It's been a long winter and any signs of spring are warmly welcomed. I do like some parts of the winter season. The beauty of a snow covered tree. A crisp starry filled night and all that the Christmas time brings are unique to the winter season.

But...after awhile I find myself yearning for a new season. Signs of new life and warmth to replace the chill and lifeless feelings. Each season has those unique attractions but change can be good.

Our marriages take on a similar image. We go through seasons of change. Those early years are filled with enthusiasm and idealism. A perpetual honeymoon. But then you yearn for more than just having fun but to grow in mutual faith and partnership in life. Children may come, jobs may change and your lives take on a new dimension. Change is not always bad and in God's providence it is all part of his sanctifying work in our lives. Our confidence should not be in our surroundings but in the God who surrounds us. To know that no matter what the season or change he is still unchanging and is still working.

If you have the privilege of knowing a couple who are married at least 50 years and love Jesus, ask them about being married in those seasons of life and change. Listen to them. Hear more than practical advice but hear the love that has actually grown and become more the foundation of life. The more they live the more they want to grow.

Should that not be our heart's cry as Christians? The more we grow in our seasons of life with Jesus the more we want to be with him. Jesus wants us to be increasingly excited about our partners in life and grow in that love but he also wants us to be even more excited about our "marriage"to him.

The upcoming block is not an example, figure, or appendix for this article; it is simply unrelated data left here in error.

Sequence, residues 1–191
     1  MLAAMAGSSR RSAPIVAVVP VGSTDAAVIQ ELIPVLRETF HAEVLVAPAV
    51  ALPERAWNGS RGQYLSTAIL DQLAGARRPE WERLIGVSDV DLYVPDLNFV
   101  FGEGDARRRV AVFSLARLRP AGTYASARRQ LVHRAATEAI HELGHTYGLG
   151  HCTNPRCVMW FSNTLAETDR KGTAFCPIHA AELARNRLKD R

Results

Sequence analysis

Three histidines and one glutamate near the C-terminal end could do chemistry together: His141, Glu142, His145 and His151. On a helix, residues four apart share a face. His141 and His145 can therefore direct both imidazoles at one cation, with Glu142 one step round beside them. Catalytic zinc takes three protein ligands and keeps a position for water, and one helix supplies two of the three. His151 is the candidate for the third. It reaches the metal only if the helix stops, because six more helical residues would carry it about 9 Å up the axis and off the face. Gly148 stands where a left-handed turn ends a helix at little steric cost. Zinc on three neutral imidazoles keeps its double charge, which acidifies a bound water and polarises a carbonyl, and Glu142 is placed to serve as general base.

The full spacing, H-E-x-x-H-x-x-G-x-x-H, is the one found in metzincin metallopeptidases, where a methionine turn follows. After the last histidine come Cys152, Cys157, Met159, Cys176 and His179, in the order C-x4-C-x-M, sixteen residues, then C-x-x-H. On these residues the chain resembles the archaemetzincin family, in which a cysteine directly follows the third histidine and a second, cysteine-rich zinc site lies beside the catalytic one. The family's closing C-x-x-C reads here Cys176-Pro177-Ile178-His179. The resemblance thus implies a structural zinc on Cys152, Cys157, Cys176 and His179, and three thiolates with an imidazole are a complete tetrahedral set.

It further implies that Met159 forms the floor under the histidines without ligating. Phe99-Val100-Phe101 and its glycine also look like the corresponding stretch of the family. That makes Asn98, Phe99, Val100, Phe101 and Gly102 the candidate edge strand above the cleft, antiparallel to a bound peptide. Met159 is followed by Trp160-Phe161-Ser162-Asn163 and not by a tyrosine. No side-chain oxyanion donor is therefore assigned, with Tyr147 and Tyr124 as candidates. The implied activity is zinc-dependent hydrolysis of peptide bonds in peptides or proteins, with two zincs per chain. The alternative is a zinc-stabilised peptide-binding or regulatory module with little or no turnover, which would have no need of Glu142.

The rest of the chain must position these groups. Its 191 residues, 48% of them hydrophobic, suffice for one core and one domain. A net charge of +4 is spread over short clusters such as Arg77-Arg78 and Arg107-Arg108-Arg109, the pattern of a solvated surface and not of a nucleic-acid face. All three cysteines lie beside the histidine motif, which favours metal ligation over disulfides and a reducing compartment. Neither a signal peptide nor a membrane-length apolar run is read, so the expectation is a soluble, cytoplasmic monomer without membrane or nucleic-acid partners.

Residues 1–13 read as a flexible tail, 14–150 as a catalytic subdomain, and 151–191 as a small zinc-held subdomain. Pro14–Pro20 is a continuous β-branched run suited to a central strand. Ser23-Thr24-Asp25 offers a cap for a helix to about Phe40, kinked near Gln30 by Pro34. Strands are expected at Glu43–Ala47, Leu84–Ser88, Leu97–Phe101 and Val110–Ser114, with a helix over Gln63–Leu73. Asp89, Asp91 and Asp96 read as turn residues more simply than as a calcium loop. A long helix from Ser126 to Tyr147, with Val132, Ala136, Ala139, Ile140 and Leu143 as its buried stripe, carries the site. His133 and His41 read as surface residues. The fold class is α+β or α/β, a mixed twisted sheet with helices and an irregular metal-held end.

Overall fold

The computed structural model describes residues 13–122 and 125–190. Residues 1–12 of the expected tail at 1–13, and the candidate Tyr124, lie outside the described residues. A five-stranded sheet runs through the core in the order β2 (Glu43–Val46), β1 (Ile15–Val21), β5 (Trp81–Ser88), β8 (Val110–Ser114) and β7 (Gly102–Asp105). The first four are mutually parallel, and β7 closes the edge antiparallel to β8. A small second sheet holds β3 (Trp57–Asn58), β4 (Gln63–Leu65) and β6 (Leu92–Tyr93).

Our spouse will not always be with us but Jesus will.

"For everything there is a season, and a time for every matter under heaven." Ecclesiastes 3:1

He truly is the one constant in every season. The more we are grounded in him the more we will be like him. The more things around us may change the more there will be something that stays the same. "Jesus Christ is the same yesterday and today and forever." Hebrews 13:8

Think about it. The more we are grounded in the changeless love of Jesus the more we will grow in every season of change. May you be one of those couples married 50 years who not only talk about it but truly show the love of Jesus.

Wednesday, January 26, 2011

Remember Me

Whether it's a birthday card or a phone call it's nice to be remembered.

Just to know that somebody likes to think about you and appreciates you is a great encouragement t the soul. In a world that is crowded yet lonely a gentle reminder that someone is thinking about you can literally change your day and your life. Some of us need it more than others but there is something healthy and biblical about taking time to remember one another. "I thank my God in all my remembrance of you..." Philippians 1:3

The implications are pretty clear and important when it comes to marriage. When we say goodbye to one another in the morning and go off to our daily tasks and responsibilities isn't it reassuring to know that we will remember each other throughout the day. To know without asking that I will think about and with gratitude remember my spouse. I don't mean some sentimental obligation but a genuine and intentional reminder that my husband or wife is a blessing form God. In addition to remember their particular burdens and to pray for them by name. I can be involved in my wife's world even though we are apart and I want her to know that.

In many ways that is the heart of the Gospel. We as Christians should be a people who love to remember. First and foremost we should love to remember Jesus. A daily reminder of his love for us and his call to honor him should be part of our daily DNA. In turn, that love is reflected in how we remember one another. In a world that is not our home we must remember and remind one another of our first love. Just knowing that my brothers and sisters in Christ are remembering me today is a true gift of the Holy Spirit.

Our marriages should be a picture of that love.